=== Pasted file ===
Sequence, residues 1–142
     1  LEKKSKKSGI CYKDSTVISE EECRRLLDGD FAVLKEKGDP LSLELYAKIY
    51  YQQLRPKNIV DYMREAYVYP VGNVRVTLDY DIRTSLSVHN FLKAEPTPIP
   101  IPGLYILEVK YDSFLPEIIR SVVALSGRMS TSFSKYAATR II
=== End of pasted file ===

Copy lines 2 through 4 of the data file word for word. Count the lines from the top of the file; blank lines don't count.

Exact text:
     1  LEKKSKKSGI CYKDSTVISE EECRRLLDGD FAVLKEKGDP LSLELYAKIY
    51  YQQLRPKNIV DYMREAYVYP VGNVRVTLDY DIRTSLSVHN FLKAEPTPIP
   101  IPGLYILEVK YDSFLPEIIR SVVALSGRMS TSFSKYAATR II